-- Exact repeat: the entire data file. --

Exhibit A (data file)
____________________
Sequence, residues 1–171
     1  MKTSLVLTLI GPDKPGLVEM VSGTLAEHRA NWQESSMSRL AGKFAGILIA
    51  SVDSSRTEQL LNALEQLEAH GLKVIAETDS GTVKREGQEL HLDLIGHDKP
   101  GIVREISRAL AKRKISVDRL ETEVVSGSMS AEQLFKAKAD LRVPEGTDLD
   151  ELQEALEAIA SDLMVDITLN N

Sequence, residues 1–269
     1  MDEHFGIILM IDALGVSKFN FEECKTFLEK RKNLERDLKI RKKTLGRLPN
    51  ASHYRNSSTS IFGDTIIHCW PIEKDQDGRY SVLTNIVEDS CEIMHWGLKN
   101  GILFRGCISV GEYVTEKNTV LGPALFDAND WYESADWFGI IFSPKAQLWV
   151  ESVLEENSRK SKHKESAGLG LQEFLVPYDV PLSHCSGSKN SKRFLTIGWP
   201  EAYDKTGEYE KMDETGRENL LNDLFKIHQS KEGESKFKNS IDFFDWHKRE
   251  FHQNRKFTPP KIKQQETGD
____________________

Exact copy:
Sequence, residues 1–171
     1  MKTSLVLTLI GPDKPGLVEM VSGTLAEHRA NWQESSMSRL AGKFAGILIA
    51  SVDSSRTEQL LNALEQLEAH GLKVIAETDS GTVKREGQEL HLDLIGHDKP
   101  GIVREISRAL AKRKISVDRL ETEVVSGSMS AEQLFKAKAD LRVPEGTDLD
   151  ELQEALEAIA SDLMVDITLN N

Sequence, residues 1–269
     1  MDEHFGIILM IDALGVSKFN FEECKTFLEK RKNLERDLKI RKKTLGRLPN
    51  ASHYRNSSTS IFGDTIIHCW PIEKDQDGRY SVLTNIVEDS CEIMHWGLKN
   101  GILFRGCISV GEYVTEKNTV LGPALFDAND WYESADWFGI IFSPKAQLWV
   151  ESVLEENSRK SKHKESAGLG LQEFLVPYDV PLSHCSGSKN SKRFLTIGWP
   201  EAYDKTGEYE KMDETGRENL LNDLFKIHQS KEGESKFKNS IDFFDWHKRE
   251  FHQNRKFTPP KIKQQETGD